Here we get the type (continuous, next, odd, or even) of the next section (“s + 1”) and store that information in the variable secType.

ActiveDocument.Sections(s).Range.Select
Selection.MoveEnd Unit:=wdCharacter, Count:=-1
Selection.Copy

In those three lines, we select the text of the section specified by s: If s is 1, we select the first section; if 2, the second section; and so on. After selecting the section, we move the cursor one character to left so that we’re not selecting the section break (which could hold corruption). Finally, we copy our selection.

ActiveWindow.Next.Activate
Selection.Paste

Here, we switch to our new, clean document and paste the text that we copied from the section in our original document.

Selection.InsertBreak Type:=wdSectionBreakContinuous
ActiveDocument.Sections(s + 1).PageSetup.SectionStart = secType

Next, we insert a continuous section break. Oddly, the first line alone won’t do what we need, even if we specify the Type using the variable secType. We must add the second line, which needs an existing section break in order to work. It turns that break into whatever type we stored earlier in the variable secType. (It took a lot of experimenting to pin down this wretched fact.) Again, we have to add 1 to the section number (“s + 1”) because we’re inserting the breaks after the section text.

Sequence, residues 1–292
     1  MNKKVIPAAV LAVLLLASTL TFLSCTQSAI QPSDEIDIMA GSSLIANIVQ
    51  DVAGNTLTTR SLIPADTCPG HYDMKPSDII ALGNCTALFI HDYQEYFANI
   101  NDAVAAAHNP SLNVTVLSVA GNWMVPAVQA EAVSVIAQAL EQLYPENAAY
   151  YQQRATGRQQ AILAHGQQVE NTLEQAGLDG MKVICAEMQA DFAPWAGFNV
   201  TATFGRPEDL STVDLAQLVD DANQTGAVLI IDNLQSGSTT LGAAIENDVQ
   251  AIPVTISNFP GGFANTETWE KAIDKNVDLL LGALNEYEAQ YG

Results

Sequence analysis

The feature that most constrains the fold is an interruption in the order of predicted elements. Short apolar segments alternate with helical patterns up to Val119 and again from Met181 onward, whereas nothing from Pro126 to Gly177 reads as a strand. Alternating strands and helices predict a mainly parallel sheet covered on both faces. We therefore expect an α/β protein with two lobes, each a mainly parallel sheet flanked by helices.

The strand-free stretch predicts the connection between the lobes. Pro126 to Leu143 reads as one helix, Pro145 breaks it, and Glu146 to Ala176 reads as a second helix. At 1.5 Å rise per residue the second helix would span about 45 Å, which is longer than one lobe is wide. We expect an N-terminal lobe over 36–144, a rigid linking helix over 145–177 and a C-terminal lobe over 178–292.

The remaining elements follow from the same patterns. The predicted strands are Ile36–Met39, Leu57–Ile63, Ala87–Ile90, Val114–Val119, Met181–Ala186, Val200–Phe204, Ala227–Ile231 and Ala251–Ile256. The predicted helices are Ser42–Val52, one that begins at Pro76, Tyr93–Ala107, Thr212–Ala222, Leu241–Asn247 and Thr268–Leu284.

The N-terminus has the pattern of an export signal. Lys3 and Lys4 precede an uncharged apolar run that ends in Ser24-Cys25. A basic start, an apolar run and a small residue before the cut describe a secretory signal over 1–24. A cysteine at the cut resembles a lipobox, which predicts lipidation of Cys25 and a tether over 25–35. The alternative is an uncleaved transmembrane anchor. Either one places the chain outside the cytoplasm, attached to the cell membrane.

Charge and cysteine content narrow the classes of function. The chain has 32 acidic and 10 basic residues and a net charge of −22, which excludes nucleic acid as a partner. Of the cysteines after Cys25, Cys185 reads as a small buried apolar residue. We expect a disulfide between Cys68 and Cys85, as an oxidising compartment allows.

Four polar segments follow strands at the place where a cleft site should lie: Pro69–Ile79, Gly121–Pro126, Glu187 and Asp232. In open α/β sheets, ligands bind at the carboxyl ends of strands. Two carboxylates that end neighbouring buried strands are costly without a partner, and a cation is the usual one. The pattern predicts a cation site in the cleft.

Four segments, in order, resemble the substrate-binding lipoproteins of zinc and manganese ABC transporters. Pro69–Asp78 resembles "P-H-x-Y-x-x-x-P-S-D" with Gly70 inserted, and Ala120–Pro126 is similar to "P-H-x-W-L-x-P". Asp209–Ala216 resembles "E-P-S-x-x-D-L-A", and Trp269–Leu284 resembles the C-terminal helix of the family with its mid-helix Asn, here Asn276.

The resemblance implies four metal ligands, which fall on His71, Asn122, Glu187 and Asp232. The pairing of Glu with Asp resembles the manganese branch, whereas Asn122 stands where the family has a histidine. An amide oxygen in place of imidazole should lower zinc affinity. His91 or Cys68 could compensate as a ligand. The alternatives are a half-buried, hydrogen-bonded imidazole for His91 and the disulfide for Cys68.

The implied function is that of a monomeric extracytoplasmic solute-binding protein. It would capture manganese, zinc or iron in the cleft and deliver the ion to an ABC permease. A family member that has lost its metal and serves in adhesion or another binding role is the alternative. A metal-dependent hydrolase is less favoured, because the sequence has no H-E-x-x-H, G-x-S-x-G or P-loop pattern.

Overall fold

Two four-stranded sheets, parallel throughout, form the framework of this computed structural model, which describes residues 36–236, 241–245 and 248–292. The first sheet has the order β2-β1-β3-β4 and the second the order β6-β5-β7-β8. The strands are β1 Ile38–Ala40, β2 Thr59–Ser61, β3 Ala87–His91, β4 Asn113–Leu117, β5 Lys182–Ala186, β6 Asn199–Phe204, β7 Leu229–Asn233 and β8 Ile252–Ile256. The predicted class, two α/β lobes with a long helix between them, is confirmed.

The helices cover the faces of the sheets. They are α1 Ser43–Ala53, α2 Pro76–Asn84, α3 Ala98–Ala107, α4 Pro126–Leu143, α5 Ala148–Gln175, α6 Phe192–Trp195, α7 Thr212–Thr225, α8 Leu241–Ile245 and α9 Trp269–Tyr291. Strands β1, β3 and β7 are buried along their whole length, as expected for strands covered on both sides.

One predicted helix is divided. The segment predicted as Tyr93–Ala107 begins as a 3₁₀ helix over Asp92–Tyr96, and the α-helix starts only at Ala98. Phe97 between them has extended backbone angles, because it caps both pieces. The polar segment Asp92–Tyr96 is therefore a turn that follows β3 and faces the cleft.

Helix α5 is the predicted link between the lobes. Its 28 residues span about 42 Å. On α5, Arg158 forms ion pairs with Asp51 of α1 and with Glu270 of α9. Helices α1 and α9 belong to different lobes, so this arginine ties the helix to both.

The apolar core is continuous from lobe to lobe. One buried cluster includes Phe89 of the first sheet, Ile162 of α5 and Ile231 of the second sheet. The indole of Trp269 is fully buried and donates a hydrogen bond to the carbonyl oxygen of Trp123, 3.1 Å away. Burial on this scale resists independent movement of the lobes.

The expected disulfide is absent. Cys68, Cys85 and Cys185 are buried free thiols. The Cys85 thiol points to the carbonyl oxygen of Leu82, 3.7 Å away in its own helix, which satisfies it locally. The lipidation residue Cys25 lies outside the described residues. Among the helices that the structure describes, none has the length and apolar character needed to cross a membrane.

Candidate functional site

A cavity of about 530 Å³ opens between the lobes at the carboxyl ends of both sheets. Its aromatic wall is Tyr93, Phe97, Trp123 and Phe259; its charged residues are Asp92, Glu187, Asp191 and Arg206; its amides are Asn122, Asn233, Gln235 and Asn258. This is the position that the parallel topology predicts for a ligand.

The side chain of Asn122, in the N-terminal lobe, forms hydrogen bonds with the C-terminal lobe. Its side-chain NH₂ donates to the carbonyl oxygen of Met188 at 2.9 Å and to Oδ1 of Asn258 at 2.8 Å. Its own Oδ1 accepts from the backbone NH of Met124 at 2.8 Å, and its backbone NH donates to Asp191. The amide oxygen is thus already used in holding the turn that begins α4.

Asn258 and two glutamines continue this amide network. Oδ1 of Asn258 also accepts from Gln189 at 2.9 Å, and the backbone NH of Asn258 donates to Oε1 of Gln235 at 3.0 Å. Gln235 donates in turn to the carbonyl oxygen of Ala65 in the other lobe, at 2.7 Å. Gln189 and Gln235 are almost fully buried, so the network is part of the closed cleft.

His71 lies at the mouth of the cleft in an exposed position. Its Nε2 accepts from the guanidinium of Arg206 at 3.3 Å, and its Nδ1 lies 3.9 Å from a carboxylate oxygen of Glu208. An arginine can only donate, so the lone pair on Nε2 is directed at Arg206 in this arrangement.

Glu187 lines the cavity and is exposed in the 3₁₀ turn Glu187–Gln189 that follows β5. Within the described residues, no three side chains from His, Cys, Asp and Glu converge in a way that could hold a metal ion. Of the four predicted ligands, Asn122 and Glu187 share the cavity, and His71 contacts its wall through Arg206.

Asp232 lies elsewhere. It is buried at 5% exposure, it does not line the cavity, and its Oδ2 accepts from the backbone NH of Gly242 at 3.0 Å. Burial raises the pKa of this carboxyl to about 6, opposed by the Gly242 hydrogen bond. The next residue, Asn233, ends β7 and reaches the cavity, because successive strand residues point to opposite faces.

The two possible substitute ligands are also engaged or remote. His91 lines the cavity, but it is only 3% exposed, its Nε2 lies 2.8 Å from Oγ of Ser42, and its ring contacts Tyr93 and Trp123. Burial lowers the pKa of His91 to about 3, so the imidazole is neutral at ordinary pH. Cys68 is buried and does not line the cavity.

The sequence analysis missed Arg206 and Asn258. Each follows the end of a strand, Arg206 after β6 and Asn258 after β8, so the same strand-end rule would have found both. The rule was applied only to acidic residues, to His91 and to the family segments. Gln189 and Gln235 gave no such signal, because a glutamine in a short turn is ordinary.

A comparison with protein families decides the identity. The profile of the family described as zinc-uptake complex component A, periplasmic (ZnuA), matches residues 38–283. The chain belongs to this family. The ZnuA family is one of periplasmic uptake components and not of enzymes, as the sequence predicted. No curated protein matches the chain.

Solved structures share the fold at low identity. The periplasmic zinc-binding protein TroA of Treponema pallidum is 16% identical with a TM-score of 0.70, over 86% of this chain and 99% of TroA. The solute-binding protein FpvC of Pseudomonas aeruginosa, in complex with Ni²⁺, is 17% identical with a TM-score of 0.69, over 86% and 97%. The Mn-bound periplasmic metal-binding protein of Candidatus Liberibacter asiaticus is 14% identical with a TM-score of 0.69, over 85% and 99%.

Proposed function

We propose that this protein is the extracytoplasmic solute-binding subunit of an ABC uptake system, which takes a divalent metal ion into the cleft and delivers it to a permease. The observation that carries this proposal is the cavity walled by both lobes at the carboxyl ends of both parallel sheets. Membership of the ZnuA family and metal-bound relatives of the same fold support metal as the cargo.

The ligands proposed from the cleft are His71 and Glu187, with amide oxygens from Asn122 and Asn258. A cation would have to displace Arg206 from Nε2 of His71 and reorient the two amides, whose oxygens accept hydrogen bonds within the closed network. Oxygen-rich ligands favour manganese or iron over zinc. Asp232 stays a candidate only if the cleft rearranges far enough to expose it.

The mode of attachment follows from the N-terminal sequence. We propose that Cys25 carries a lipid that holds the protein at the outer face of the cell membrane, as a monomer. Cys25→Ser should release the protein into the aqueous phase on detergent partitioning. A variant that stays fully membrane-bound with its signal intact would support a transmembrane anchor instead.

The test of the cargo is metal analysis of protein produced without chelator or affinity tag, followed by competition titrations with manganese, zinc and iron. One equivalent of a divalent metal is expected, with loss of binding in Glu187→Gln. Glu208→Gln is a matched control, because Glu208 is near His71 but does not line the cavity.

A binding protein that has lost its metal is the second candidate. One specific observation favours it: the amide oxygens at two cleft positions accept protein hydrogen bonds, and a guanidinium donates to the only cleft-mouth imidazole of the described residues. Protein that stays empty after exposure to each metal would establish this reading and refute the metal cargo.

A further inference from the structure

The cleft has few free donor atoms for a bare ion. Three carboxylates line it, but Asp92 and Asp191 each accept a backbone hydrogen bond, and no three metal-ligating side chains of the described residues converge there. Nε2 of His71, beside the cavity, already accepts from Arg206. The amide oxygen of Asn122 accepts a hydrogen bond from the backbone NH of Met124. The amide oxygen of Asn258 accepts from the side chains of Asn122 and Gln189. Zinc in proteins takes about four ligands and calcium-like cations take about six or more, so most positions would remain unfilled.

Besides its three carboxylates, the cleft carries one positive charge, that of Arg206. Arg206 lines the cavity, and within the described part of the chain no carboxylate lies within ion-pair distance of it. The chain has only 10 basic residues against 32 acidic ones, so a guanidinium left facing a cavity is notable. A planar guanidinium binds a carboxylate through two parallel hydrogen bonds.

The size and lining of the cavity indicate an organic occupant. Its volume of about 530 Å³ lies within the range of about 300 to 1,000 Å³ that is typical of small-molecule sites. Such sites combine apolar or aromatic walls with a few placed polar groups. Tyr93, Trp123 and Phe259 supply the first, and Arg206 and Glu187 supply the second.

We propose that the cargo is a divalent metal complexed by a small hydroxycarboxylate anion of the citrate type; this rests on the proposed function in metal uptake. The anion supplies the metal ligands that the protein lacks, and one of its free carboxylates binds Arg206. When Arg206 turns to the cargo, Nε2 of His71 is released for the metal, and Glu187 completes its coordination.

myDoc.Activate

Here, we switch back to our original document.

Next s

This is the line that has been incrementing the s variable that we specified earlier in the line “For s = 1 To secCount – 1”.

ActiveDocument.Sections(secCount).Range.Select
Selection.MoveEnd Unit:=wdCharacter, Count:=-1
Selection.Copy
ActiveWindow.Next.Activate
Selection.Paste

We select the last section in our original document, move back one character, copy the text, move to our new document, and paste.

End Sub

Finally, we end the macro.

After running the macro, you’ll be left with your original document (unchanged) and a new, unnamed document that is identical to your original but without the corruption.